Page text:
How a cafe in Nepal is rescuing women from prostitution and slavery

Photo source: Friends of Maiti Nepal
Photo source: Friends of Maiti Nepal

The Maiti Cafe is a coffee shop with a difference — and not just due to its altitude.

A popular joint in Nepal’s capital of Kathmandu, Maiti Cafe employs around a dozen former human-trafficking victims, and helps get them back on their feet and integrate into society.

As of 2016, about 23,000 mostly rural women per year were trafficked in Nepal — for prostitution, agricultural work or other purposes.

Trafficking is widespread and crosses borders — in September, five girls from India were rescued from traffickers in Kathmandu by police working with Maiti Cafe.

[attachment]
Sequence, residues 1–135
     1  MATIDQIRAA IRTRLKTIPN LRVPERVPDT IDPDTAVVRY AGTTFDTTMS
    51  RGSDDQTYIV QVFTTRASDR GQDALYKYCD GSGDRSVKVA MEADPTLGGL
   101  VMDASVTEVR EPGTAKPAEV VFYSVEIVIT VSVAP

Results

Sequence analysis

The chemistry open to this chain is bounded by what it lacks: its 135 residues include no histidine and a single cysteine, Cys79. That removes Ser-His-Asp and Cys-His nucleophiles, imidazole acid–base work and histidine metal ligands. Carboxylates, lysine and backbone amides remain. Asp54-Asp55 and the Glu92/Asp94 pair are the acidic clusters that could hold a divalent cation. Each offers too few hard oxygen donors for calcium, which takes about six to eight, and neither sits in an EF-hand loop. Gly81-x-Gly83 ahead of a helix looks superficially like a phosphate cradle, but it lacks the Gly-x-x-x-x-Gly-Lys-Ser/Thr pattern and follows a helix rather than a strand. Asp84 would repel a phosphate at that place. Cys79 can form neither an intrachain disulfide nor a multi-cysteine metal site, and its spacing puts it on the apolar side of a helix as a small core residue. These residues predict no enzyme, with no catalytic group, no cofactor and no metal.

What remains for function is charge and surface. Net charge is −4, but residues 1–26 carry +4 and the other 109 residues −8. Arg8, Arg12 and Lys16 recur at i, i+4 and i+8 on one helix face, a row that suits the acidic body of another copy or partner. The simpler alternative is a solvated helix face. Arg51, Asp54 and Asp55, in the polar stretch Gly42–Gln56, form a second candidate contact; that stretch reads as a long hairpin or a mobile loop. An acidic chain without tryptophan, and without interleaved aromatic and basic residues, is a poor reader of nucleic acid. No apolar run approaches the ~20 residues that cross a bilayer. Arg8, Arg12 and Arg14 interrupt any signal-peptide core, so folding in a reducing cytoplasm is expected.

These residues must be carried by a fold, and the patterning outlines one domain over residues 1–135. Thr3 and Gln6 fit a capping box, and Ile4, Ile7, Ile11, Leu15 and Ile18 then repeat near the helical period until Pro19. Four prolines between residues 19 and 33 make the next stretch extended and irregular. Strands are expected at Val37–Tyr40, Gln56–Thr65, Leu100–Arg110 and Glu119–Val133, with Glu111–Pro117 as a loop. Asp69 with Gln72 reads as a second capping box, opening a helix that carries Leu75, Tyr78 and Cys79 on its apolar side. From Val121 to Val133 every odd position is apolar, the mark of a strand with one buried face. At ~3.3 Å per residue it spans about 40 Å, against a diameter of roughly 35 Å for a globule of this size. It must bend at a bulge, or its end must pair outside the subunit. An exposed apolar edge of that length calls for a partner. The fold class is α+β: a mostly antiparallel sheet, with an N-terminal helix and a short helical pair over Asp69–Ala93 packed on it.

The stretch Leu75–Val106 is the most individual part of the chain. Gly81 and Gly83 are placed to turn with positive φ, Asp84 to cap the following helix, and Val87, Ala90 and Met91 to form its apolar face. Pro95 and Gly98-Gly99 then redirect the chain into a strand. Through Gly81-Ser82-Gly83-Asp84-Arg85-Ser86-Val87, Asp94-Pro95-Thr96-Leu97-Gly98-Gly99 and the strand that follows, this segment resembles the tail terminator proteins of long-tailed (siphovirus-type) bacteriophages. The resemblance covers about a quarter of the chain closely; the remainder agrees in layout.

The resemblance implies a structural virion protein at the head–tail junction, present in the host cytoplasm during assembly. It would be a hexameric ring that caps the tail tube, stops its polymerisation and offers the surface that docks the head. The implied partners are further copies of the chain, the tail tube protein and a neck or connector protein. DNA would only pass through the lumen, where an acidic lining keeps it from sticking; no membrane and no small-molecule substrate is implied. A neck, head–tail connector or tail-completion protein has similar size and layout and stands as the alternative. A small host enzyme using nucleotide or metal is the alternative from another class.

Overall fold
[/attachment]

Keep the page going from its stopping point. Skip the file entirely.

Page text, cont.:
Social attitudes and stigmas often prevent former victims from gainful employment and even their families may shun them.

Yet the anti-trafficking organizations A’fno Nepal, and the Dutch agency Free a Girl, have no such taboos.

Instead, work actively with Maiti Cafe to help trafficking victims find jobs — and gain invaluable skills as entrepreneurs.

Sources: Thomson Reuters Foundation, The Himalayan Times (Nepal), The Telegraph (U.K.)

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